Miami DebateABJNuclear Fusion
1AC Inherency (1/1)Contention I is InherencyThe federal government has recently cut US support for ITER, an international researchprogram for nuclear fusion energy, in favor of research on renewable energies that couldprovide short-term benefit. These cuts preclude R&D funding for US corporations; theyare likely to be permanent and derail international research efforts
, Contributing editor, IEEE Spectrum, Author, “The Perfect Energy: From Earth,Wind or Fire?” in Fueling the Future (Anansi Press, 2003) and Electricity & Magnetism(Twenty-First Century Books, 2007), “Does Fusion Have a Future?” IEEE Spectrum,http://www.spectrum.ieee.org/feb08/5980, 2/
The 2004 report “Burning Plasma: Bringing a Star to Earth,” from the U.S. National Research Council, soldWashington on the International Thermonuclear Experimental Reactor
(ITER), a massive R&D project that proponents predict will be the breakthrough project for fusion energy. In its fiscal 2008 budget, however,Congress drove the United States’ role in ITER right into the ground, slashing US $160 million promisedfor this year to $10.7 million.
U.S. Department of Energy (DOE) officials are expected to provide an update on how theUnited States plans to work around the budget shortfall at a meeting of the agency’s Fusion Energy Sciences Advisory Committeenext Tuesday. But the United States’ paltry participation has some wondering if fusion research, considered since the 1960s oneof the great long shots for a sustainable and relatively clean energy supply, has run out of time.
ITER, set to beginconstruction in Cadarache, near Marseilles in southern France, aspires to produce the first self-sustainingfusion reaction.
Like most fusion experiments to date, ITER will use formidable electric currents and magnetic fields toinduce fusion in isotopes of hydrogen (deuterium and tritium) and to contain the resulting burning plasma—akin to a tiny star andexceeding 100 million ˚C. But where existing fusion reactors have produced heat equivalent to just a few megawatts of power for fractions of a second, ITER should put out 500 megawatts—10 times as much as the external power delivered—for severalminutes.
Getting there requires a scale of investment that only international consortia can support
The 27-meter-high magnetic confinement chamber required will take a decade to build and cost an estimated $2.76 billion. Including design,administration, and 20 years of operation, the project’s total expenses will be nearly $15 billion. The European Union has agreed to cover half that cost, with the other half shared by the United States, China, India, Japan, Russia, and the Republic of Korea. U.S. support has waxed andwaned before. In 1998, Congress pulled the United States out of ITER, judging the design too pricey. ITER got Congress back on board in 2005with a redesign that cut the cost in half, only to see the United States trim the cap on its contribution for ITER the next year from $1.4 billion to$1.1 billion
This year’s budget cut will prevent the DOE from lining up
contractors for the design and
assembly of the hardware that it committed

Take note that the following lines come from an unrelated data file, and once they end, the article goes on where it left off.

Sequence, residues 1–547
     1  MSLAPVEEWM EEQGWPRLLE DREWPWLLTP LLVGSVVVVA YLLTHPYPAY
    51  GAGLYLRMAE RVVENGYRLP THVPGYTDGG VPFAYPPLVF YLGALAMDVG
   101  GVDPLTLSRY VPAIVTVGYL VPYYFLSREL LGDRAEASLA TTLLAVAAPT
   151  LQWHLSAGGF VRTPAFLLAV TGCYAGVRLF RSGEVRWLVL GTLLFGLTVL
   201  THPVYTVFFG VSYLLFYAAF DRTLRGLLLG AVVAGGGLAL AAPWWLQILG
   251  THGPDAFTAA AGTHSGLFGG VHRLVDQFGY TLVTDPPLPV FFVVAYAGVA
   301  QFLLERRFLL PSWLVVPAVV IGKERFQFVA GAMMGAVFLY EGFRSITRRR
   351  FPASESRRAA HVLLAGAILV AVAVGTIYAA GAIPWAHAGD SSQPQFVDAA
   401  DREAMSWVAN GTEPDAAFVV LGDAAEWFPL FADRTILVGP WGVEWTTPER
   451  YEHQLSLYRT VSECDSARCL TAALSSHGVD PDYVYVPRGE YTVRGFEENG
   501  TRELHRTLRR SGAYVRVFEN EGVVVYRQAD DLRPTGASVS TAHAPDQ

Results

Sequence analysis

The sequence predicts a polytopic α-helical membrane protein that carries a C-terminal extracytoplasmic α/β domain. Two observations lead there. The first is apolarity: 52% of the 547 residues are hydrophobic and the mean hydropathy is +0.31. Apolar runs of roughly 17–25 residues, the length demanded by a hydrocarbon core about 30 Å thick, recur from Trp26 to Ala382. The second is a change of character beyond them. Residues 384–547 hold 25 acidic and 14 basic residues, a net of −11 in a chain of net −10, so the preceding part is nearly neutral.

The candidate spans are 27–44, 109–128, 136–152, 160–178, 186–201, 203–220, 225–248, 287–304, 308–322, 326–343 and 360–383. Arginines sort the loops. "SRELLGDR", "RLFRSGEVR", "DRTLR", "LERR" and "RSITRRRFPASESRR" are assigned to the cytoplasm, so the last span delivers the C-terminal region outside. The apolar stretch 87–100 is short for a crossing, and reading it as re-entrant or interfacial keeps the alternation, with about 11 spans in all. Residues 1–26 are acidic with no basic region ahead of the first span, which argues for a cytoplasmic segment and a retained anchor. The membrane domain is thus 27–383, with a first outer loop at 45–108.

to supply, which includes conductors for the magnets, a pellet injector to deliver solid deuterium fuel, and an exhaust system for tritium gas
The $10.7million provided by Congress will cover only U.S. personnel posted to ITER in France and a skeleton staff in theStates.
ITER supporters say the setback is temporary.
They note that congressional committees fully funded ITER indraft legislation last fall, only to see the funds shed in the course of a larger budget battle between President Bush and Congress.At the last minute, Congress slashed $22 billion to avoid a threatened veto, and ITER was an obvious target as a new andnondomestic project. “It’s just one of those things that happen because of this financial mess we’re in,” says Stephen Dean, president of Fusion Power Associates, a nonprofit research and educational outfit based in Gaithersburg, Md. Dean says thatslowdowns at ITER, as officials grapple with more than 200 proposed design changes, will blunt the effect of U.S. delays. “Theimpact is going to be relatively small, provided that it doesn’t happen again next year,” says Dean
But some observers sayit could happen again if the “financial mess” endures, because ITER—the core of the U.S. fusion program —appears to be low on Congress’s list of priorities
. James Decker, a principal with Alexandria, Va., lobbyingfirm Decker Garman Sullivan and former director of the DOE’s Office of Science, notes that
Congress instead provided extra funding for shorter-term energy solutions.
For example, Congress gave a 23 percent raise to theDOE’s energy R&D programs, covering such areas as carbon sequestration and solar energy.
If the United Statesdoes drop out of ITER, that could weaken support among other ITER players
Britain pulled its fundingfor another international R&D megaproject
, the $6.7 billion International Linear Collider,
after Congresseffectively froze U.S. participation
in the project. The International Linear Collider is the successor to the CERN(European Organization for Nuclear Research) Large Hadron Collider, which is to begin operations this year.
Proponents of renewable energy would shed no tears if ITER came apart
. Ed Lyman, a senior scientist at theUnion of Concerned Scientists, says governments today must determine if energy technologies—including fusion—are “going to be realistic large-scale energy sources on a timeframe needed to mitigate global warming.” Lyman says fusion, which evensupporters agree is still several decades from fruition, flunks that test and has no place in tight budgets: “
R&D resources justaren’t there to support projects that are so expensive and have shown so little potential for promise in thenear term.”